Margin of Safety


Margin of Safety

One of the first lessons you’re learn in The Intelligent Investor by Benjamin Graham is to seek a “Margin of Safety”. A margin of safety is a disconnect between what you calculate the instrinsical value of the stock to be versus what you can pay for it. The less sure you are about factors the greater margin of safety you should seek in your investment.

The intrinsic value of a share

An investor may calculate the intrinsic value of a share by differing methods and will eventually come up with a price that he or she believes represents good buying value. There are many methods for calculating intrinsic value of varying corporations but having a margin of safety involves having an extra cushion beyond that.

You may be wrong, or there may be external events that affect the value of the shares in your investing or a “black swan event” that no one can see.

Prime bonds vs government bonds

In the Intelligent Investor, the benchmark for calculation of margin of safety was the interest rate payable for a AA Grade quality Corporate bond.

Comparative approach 

If the risk in two forms of investment is the same, then it must be better to take the investment with the higher return. Conversely, an investment with higher risk, such as shares, should, when calculating the margin of safety, have a higher return.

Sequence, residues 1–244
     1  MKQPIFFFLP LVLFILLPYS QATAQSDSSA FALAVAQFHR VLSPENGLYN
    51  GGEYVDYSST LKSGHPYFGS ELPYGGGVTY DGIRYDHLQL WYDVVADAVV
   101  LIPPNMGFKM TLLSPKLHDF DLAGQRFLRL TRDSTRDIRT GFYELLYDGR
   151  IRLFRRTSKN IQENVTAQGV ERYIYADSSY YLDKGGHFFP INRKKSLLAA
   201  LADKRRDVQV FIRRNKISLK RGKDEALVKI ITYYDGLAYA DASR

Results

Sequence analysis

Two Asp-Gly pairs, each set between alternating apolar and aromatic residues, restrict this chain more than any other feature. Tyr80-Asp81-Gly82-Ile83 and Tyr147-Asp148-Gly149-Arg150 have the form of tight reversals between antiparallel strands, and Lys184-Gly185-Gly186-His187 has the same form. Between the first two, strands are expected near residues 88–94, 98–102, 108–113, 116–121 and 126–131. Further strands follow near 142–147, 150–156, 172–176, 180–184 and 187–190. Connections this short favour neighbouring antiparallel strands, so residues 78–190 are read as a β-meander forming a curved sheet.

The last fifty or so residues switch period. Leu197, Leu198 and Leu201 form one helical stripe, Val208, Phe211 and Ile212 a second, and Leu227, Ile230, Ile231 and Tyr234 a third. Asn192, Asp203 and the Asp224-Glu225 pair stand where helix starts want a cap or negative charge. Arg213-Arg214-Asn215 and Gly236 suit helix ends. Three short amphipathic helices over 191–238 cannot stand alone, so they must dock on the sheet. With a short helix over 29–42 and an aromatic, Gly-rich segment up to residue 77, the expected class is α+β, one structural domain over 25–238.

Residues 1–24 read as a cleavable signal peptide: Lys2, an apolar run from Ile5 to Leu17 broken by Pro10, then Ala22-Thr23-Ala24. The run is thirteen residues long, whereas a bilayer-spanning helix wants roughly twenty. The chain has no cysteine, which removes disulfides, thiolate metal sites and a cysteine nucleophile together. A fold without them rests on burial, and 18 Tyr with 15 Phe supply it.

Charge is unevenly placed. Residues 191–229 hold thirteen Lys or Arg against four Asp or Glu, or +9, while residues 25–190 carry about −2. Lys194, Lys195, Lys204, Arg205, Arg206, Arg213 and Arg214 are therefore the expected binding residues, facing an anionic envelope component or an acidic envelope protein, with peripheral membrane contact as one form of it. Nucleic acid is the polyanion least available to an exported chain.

Part of the investment process and margin of safety is making sure there is being offered enough upside for the risk being assumed.

Example

Company A is earnings $10 per share and is selling the market for $200. If the rate of return on a government bond like it is now 2.75%.

Company A is yielding 5% and has a Price to Earnings Ratio of 20, versus the government bond which is yielding 2.75%

All things being equal in risk you would choose Company A.

Total margin of safety will fluctuate depending upon the quality of the share investment.

…a true margin of safety is one that can be demonstrated by figures, by persuasive reasoning, and by reference to a body of actual experience. -Benjamin Graham, The Intelligent Investor

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